Michael Brett (1983)
Islam and Trade in the Bilād Al-Sūdān, Tenth-Eleventh Century A.D.
The Journal of African History, 24:431-440.
»Two fatwā-s or legal opinions of the jurist al-Qābisī at Qayrawān about the year A.D. 1000 show the way in which the Law of Islam was used to protect the Muslim against the hazards of trans-Saharan trade with the Bilād al-Sūdān. Trade was to be conducted as far as possible in accordance with the Law, and approval was given to the establishment of Muslim communities in the Bilād al-Sūdān under the authority of a nāẓir or 'watchman', with the consent of the pagan king of the country. The formation of Muslim communities on this legal basis, and their incorporation into the pattern of West African society, were important for the subsequent character of Islam in West Africa. Meanwhile, among the 'stateless' Berber peoples of the Western Sahara, the doctrines of the Malikite school were subject to a different interpretation by Ibn Yāsīn, which came into open conflict with the views of al-Qābisī when the Almoravids sacked the Muslim city of Awdaghast for submitting to the pagan king of Ghana. This conflict of attitudes to paganism remained a feature of West African Islam down to the twentieth century.«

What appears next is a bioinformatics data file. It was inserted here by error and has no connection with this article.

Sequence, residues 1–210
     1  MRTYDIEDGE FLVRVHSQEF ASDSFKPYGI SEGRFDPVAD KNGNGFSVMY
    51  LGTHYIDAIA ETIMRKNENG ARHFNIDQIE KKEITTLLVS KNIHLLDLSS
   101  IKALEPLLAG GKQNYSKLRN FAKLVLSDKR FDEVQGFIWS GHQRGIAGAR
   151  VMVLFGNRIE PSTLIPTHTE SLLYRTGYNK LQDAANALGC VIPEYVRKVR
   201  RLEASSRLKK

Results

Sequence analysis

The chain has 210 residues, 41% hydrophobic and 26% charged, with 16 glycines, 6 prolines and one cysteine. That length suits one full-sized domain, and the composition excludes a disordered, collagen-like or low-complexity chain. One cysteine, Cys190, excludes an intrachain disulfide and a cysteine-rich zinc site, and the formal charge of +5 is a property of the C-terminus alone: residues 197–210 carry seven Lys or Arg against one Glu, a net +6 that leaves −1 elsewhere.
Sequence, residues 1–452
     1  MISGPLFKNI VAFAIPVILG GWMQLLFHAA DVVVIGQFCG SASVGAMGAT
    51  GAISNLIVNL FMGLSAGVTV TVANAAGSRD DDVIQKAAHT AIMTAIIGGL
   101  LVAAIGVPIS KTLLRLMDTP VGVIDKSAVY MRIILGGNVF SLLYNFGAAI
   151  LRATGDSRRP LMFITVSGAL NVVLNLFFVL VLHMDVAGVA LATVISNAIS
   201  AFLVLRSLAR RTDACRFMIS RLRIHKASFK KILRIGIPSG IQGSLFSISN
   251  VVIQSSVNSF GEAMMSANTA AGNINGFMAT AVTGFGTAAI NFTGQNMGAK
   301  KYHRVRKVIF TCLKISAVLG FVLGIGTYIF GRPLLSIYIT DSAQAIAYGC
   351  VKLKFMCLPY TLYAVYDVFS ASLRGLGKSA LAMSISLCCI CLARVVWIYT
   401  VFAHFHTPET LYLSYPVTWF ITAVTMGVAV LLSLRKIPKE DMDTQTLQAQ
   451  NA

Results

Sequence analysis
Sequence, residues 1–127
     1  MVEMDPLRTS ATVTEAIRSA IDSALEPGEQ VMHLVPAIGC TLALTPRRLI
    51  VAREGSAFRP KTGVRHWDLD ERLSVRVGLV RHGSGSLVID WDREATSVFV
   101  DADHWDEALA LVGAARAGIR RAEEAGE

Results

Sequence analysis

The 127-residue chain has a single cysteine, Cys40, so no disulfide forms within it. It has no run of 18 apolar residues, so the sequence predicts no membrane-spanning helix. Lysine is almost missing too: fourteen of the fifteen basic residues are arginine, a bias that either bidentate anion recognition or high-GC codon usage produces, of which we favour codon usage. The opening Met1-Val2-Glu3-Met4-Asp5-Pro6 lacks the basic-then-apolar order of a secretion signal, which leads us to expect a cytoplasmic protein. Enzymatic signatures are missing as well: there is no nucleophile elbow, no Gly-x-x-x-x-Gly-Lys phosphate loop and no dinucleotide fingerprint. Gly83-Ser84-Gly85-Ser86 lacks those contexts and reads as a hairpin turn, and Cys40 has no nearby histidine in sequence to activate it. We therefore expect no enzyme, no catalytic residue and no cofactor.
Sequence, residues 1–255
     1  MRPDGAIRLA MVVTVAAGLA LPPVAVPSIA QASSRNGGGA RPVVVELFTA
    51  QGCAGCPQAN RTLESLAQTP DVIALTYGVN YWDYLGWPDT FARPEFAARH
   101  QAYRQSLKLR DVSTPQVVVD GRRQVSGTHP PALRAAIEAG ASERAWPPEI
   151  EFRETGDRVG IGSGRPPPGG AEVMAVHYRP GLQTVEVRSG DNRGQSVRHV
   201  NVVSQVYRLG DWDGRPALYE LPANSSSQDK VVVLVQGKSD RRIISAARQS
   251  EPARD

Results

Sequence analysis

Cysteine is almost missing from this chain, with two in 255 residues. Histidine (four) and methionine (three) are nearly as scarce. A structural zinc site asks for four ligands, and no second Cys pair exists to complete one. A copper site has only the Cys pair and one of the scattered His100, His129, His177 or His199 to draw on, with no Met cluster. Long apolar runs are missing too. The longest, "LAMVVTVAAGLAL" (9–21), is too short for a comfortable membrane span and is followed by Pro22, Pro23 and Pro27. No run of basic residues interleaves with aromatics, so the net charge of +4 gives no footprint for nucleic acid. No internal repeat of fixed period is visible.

Abstract provided by the journal/author